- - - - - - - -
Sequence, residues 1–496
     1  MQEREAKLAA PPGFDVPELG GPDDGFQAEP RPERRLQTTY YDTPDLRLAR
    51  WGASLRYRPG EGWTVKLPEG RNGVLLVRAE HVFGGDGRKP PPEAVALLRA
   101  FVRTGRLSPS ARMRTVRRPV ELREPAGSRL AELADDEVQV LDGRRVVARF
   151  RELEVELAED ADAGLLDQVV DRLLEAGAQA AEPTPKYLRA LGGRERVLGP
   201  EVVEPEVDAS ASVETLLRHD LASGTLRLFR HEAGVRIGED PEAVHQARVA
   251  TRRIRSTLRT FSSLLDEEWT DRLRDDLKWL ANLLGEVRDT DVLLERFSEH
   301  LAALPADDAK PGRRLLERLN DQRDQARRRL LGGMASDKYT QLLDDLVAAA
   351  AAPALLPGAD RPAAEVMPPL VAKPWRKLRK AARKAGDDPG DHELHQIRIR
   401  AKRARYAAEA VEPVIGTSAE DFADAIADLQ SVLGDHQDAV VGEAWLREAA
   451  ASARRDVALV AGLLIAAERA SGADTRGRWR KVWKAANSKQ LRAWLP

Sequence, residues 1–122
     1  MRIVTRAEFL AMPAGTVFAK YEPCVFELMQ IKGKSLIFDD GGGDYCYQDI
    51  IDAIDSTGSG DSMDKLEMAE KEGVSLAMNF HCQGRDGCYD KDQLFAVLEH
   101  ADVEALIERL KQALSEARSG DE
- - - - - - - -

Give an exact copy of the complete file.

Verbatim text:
Sequence, residues 1–496
     1  MQEREAKLAA PPGFDVPELG GPDDGFQAEP RPERRLQTTY YDTPDLRLAR
    51  WGASLRYRPG EGWTVKLPEG RNGVLLVRAE HVFGGDGRKP PPEAVALLRA
   101  FVRTGRLSPS ARMRTVRRPV ELREPAGSRL AELADDEVQV LDGRRVVARF
   151  RELEVELAED ADAGLLDQVV DRLLEAGAQA AEPTPKYLRA LGGRERVLGP
   201  EVVEPEVDAS ASVETLLRHD LASGTLRLFR HEAGVRIGED PEAVHQARVA
   251  TRRIRSTLRT FSSLLDEEWT DRLRDDLKWL ANLLGEVRDT DVLLERFSEH
   301  LAALPADDAK PGRRLLERLN DQRDQARRRL LGGMASDKYT QLLDDLVAAA
   351  AAPALLPGAD RPAAEVMPPL VAKPWRKLRK AARKAGDDPG DHELHQIRIR
   401  AKRARYAAEA VEPVIGTSAE DFADAIADLQ SVLGDHQDAV VGEAWLREAA
   451  ASARRDVALV AGLLIAAERA SGADTRGRWR KVWKAANSKQ LRAWLP

Sequence, residues 1–122
     1  MRIVTRAEFL AMPAGTVFAK YEPCVFELMQ IKGKSLIFDD GGGDYCYQDI
    51  IDAIDSTGSG DSMDKLEMAE KEGVSLAMNF HCQGRDGCYD KDQLFAVLEH
   101  ADVEALIERL KQALSEARSG DE